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Caritas donations benefit more than 200 families

More than 200 struggling families will benefit from food supplies courtesy of donations from Catholic parishes across Upolu.

The donations are part of the marking of the World Day of the Poor, an annual event commemorated on the 15th of November.

The local branch of the international humanitarian arm of the Catholic Church – Caritas Samoa - is in charge of the distribution of donated goods.

Sala Georgina Bonin, the Coordinator of Programmes for Caritas Samoa told the Samoa Observer that the Catholic Church established a World Day of the Poor under direction from the Pope. 

The annual event is specifically a call to all Catholics to donate to poor people whether financially or in-kind.


But the annual event fell on last Sunday in Samoa.

“There are 50 parishes in Samoa but more than 30 have donated in Upolu alone while [we are] waiting for Savaii’s donation,” she said.

Sala added that Caritas is entirely dedicated to helping the poor.

“I think in the Catholic Church, the theme that the Pope has always said [is]: ‘Reach out your hands; stretch out your hands to the poor’,” she said. 

She said the assistance would be crucial for families struggling financially. 

“I think it’s very important in Samoa: about 19 per cent of our population is living under the relative basic needs poverty line and especially with the COVID-19 [pandemic] a lot of people have lost their jobs so there’s some kind of economic stress,” Sala said.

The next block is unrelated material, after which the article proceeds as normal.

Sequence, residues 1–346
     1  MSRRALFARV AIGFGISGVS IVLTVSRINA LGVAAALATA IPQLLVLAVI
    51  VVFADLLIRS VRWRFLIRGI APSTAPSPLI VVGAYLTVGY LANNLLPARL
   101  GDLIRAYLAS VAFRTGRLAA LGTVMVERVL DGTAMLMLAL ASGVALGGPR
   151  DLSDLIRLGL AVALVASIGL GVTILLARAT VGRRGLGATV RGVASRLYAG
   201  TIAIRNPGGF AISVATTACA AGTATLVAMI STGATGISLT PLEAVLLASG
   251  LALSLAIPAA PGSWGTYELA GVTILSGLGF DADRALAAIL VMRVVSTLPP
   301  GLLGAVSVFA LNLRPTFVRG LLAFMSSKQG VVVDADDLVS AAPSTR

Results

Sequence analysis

“The impact on poor families is even worse because they have no income or steady income coming in.

“It is true that some families have plantations and land around to plant their own vegetables but money is needed for other necessities like electricity bills or transport fees.”

The Coordinator of Programmes for Caritas Samoa also explained that so far they have 200 people on their target list for assistance but were hopeful that they could stretch this assistance.

“We started receiving goods last Friday and on Sunday the supplies kept coming in,” Sala said. 

“The distribution of these items for families started on Monday and will continue until all has been given out.”

She said recipients should be grateful for the assistance because it comes from anonymous donors - something, she says, that is testament to everyone’s big heart for charity. 

This is the fourth time Caritas have carried out the charitable distribution.

The quantity of supplies for each family will depend on how many members are in each family but recipients will receive a sack of rice, box of noodles, corned beef, canned fish, soaps, detergent powder, and vegetables.

Sala added that the list of recipients came from their previous work on helping during the measles crisis last year and also from St. Vincent De Paul, which had been engaging with communities. 

The criteria on which families are usually judged for donations includes; their income status; access to water; the state of their homes; the number of children; any people with disabilities in a home, and whether a household is headed by a woman.

“It is because in studies from Samoa on hardships and poverty, it’s usually female-headed households that are struggling more so than male headed households,” she explained. 

“Some of the villages that will benefit include: Falelatai, Malololelei, Tiavea, Lotofaga, Falefa, Faleapuna but mostly villages around Upolu and we also hope to distribute to Savaii when all is confirmed. 

“We acknowledge the assistance from all the donors and the leadership of the archbishop in making sure we are efficient on how we distribute the goods.”

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